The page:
Under the aggressive leadership of Turkish President Recep Erdoğan, nationalist, anti-minority policies have expanded in Turkey and religious institutions there have suffered. In January 2020, the American Hellenic Institute strongly opposed signing a cultural heritage agreement with Turkey because “Turkish cultural policies reinforce and support long-standing policies that deny and work to erase the reality of Greek, Armenian and other cultures that preceded the arrival of the Turks to Asia Minor, Thrace, and Constantinople by thousands of years.”

The letter’s signatory organizations say that they fully agree with the fundamental law that established the Cultural Property Advisory Committee, the 1983 Cultural Property Implementation Act (CPIA).  All strongly support the proper use of the CPIA, together with the enforcement of all federal laws. However, they say that the CPAC Committee has failed to honor the legal requirements that must be met in order for an MoU to be granted.

Front inscription of Beth Yaakov Synagogue in Kuzguncuk, Üsküdar, Turkey, photo by Darwinek, April 8, 2009.

The letter notes that contrary to the requirements set by Congress, the requests by Middle Eastern countries ignore those countries’ dictatorial abuses of the human and religious rights of minorities and as well as failing to meet Congressionally mandated criteria for self-help and protection of cultural property within their borders. The letter also points out that the membership of the Cultural Property Advisory Committee is heavily weighted toward archaeologist members who are hostile to businesses and collectors, and to the holding of archaeological materials within U.S. museums. The letter makes plain the potential for conflicts of interest – it notes that source country governments have maintained MoUS for up to 30 years – while CPAC has lacked the art trade representation required by law.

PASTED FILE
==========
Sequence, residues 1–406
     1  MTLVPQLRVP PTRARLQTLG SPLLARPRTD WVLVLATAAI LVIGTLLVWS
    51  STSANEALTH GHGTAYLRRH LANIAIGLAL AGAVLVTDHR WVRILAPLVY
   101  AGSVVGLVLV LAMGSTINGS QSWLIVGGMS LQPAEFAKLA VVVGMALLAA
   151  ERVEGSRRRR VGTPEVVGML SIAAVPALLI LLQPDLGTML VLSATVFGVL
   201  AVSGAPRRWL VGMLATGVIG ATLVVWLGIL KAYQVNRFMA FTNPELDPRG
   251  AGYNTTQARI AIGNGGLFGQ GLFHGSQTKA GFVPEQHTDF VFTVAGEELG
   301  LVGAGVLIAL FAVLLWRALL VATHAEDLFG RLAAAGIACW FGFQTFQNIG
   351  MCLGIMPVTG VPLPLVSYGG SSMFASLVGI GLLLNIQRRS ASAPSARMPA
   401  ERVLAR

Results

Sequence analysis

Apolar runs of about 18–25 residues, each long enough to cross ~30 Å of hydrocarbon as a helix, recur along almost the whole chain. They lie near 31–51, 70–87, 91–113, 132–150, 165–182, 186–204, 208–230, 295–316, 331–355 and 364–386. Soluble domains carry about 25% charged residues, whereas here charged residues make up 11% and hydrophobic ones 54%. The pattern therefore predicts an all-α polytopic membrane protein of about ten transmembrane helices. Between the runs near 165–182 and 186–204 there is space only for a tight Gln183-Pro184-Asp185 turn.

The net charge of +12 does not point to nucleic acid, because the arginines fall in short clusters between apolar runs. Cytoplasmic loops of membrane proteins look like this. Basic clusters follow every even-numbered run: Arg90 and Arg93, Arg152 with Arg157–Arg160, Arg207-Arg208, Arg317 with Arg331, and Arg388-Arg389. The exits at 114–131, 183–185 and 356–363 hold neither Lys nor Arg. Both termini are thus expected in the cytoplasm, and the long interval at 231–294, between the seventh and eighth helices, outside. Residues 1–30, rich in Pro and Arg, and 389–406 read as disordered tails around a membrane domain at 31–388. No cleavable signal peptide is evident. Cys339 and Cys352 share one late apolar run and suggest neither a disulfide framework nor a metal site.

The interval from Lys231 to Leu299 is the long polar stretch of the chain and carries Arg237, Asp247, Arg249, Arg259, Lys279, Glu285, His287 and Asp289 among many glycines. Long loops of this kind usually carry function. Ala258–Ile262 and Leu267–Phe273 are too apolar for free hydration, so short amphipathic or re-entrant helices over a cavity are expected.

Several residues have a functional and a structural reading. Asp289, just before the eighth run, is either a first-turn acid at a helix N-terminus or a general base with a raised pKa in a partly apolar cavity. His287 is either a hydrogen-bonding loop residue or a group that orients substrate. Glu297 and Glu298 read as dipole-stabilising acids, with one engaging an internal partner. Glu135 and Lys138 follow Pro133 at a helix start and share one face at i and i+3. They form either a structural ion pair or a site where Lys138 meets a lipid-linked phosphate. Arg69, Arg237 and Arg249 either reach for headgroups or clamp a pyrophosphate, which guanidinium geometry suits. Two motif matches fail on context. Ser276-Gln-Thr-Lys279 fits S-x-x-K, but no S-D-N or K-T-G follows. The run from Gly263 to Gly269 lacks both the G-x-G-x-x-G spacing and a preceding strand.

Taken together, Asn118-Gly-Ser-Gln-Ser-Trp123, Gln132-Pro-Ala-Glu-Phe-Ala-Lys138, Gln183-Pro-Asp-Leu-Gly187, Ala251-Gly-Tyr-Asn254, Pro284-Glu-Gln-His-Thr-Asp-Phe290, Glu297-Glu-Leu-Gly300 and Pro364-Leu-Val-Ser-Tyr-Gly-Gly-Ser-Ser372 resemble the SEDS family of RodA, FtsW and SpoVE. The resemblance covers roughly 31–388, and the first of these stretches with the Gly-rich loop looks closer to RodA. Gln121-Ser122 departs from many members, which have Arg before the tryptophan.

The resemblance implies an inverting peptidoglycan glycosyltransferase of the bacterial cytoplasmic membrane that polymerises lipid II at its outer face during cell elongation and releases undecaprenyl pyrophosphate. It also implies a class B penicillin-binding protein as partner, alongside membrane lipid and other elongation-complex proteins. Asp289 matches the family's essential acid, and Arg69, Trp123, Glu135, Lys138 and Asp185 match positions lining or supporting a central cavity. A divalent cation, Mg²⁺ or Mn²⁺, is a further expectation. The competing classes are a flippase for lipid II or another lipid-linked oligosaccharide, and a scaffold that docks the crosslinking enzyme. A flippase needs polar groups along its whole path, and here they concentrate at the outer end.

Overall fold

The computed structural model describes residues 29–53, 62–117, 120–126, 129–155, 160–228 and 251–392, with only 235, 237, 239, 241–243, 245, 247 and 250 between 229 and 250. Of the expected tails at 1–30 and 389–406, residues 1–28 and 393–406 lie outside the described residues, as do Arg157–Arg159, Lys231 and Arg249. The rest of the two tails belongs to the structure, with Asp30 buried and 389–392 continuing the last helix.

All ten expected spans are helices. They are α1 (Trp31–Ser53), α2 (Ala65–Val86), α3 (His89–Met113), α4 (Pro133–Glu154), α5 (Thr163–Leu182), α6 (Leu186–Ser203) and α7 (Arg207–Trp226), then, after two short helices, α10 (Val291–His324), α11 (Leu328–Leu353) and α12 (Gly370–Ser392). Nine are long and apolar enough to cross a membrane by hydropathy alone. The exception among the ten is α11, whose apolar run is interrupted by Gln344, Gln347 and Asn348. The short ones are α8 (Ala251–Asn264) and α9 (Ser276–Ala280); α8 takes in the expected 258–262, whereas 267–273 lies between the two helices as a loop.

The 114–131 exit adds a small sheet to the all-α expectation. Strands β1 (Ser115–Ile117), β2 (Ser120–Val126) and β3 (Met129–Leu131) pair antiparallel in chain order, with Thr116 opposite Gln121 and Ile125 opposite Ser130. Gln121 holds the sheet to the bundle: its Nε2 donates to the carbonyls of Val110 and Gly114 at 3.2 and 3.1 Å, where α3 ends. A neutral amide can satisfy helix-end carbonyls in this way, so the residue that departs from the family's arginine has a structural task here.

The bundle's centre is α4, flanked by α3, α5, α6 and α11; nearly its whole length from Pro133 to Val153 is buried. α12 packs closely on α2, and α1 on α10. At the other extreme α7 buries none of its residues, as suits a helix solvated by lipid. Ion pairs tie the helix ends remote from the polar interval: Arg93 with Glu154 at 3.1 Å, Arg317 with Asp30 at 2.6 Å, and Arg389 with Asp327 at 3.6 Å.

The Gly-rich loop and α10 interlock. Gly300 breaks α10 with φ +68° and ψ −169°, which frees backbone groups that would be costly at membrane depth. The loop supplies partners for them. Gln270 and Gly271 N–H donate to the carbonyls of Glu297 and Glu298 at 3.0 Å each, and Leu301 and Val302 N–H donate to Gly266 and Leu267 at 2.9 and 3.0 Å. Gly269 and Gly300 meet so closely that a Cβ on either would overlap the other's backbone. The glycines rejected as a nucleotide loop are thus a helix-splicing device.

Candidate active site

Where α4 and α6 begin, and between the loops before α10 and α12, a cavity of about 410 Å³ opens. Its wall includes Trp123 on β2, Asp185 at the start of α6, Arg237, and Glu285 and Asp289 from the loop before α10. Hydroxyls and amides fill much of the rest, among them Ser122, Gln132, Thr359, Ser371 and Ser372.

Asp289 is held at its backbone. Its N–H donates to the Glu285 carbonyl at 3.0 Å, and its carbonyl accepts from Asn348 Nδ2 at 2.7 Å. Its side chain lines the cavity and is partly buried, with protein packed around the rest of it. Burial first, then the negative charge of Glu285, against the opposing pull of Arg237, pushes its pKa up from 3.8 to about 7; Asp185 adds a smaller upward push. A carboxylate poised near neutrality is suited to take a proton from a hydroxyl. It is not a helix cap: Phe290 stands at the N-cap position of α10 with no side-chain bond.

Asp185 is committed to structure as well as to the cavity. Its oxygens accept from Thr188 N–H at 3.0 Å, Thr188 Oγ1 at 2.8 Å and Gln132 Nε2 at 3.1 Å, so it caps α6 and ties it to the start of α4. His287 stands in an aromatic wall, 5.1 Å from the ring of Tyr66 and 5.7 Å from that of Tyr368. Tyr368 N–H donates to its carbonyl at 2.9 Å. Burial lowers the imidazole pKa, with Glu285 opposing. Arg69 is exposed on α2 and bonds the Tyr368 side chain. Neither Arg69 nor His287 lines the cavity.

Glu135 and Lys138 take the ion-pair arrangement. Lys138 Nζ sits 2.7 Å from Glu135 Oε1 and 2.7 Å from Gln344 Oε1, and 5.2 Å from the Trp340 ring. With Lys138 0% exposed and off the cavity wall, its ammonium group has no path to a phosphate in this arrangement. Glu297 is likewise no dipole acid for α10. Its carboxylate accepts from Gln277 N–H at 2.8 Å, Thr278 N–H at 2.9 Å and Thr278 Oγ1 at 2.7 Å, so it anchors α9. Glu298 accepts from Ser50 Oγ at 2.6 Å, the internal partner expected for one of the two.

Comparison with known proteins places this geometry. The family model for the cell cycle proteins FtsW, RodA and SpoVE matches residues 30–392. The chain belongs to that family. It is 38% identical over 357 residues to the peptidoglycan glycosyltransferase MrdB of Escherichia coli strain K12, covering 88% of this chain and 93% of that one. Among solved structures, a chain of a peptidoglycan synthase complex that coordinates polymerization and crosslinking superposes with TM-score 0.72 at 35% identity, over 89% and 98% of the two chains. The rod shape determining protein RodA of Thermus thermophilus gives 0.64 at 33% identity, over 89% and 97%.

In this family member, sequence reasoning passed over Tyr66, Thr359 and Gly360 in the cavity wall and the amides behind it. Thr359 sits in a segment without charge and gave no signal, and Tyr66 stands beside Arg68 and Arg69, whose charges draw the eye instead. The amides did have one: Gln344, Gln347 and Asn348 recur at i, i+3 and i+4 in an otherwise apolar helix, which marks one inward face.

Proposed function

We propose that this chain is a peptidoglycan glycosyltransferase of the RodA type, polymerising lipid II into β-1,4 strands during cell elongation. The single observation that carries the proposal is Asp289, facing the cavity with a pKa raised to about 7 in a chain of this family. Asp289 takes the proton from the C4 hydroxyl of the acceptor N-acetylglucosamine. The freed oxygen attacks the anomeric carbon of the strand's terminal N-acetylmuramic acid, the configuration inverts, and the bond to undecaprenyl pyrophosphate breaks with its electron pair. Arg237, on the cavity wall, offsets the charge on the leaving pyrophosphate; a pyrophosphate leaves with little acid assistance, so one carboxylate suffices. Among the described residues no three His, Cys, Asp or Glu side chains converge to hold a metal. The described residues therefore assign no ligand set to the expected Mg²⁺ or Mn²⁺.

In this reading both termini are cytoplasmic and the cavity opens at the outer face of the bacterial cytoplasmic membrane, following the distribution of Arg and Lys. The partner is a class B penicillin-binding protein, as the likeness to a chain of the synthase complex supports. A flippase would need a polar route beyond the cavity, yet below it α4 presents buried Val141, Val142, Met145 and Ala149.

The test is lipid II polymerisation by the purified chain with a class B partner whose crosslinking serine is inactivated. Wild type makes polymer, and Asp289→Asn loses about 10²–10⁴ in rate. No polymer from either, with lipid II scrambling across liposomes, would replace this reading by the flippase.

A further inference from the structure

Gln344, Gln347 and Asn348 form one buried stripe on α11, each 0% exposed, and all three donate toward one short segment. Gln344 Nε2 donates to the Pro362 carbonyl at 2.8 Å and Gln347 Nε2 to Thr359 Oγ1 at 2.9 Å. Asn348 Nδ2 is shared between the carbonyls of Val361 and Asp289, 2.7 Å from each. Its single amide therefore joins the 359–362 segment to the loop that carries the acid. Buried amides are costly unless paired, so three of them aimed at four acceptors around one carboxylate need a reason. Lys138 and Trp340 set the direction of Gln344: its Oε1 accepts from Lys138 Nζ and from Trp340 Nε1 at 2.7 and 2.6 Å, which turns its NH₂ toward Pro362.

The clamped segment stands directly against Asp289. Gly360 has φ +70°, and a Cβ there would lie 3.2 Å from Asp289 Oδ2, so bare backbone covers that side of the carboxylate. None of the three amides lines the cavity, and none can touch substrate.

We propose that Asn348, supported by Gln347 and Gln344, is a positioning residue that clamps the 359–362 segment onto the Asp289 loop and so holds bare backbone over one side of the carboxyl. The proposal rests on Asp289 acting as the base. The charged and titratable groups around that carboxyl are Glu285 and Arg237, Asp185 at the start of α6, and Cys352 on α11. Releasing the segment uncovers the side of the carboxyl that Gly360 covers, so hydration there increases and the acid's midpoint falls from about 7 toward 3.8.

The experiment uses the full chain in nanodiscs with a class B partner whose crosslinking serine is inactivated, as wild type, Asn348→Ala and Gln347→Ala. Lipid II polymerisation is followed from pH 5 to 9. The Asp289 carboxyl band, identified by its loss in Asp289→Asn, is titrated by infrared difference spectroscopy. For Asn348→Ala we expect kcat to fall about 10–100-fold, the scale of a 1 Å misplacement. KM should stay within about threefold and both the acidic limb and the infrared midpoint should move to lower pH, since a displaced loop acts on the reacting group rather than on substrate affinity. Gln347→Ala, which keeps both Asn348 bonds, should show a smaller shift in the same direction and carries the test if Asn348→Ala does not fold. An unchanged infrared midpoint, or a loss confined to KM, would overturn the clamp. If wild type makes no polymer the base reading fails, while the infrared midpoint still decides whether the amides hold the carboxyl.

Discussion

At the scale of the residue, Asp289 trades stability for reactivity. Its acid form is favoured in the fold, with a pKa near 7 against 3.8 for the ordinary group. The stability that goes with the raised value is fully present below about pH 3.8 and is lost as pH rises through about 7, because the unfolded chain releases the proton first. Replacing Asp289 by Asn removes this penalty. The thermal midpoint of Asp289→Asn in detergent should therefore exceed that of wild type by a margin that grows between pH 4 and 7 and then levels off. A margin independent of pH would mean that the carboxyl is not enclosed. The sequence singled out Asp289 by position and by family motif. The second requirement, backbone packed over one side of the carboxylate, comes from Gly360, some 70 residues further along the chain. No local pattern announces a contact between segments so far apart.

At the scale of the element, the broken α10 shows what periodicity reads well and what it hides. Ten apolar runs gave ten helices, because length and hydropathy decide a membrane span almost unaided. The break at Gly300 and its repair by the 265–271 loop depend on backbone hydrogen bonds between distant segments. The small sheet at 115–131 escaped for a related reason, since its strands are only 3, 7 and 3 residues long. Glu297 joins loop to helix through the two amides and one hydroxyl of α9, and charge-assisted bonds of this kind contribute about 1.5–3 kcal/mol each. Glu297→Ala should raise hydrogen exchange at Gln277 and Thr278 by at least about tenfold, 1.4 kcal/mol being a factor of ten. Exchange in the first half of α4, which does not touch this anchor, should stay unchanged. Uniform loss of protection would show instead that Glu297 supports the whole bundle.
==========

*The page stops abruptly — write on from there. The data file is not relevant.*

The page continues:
This is not the first time that objections have been raised by religious and minority organizations to MoUs issued by the Department of State. In December 9, 2018, eighteen Jewish organizations issued a letter addressing Secretary of State Michael Pompeo regarding MoUs and agreements signed with Middle Eastern and North African countries[2]. In that letter, the Jewish organizations stated.

“We ask that the State Department’s Bureau of Education and Cultural Heritage adheres to the limitations set by Congress under the Cultural Property Implementation Act by denying broad, excessive import restrictions to nations that have neither valued nor cherished the ancient heritage of Jewish, Christian, and other minority peoples. We further request that all future MOUs from the region include provisions that list and name specific Jewish and Christian items to be excluded from the restricted list of items. Such items include Torah scrolls, Torah cases, Jewish prayer books, Jewish manuscripts, religious ceremonial articles, and all Jewish ritual and prayer materials that include Hebrew inscriptions or references to original Jewish owners – whether they be individuals or Jewish institutions.”

Nonetheless, MoUs have continued to be issued that by default, include Jewish and Christian manuscripts and other articles of religious heritage.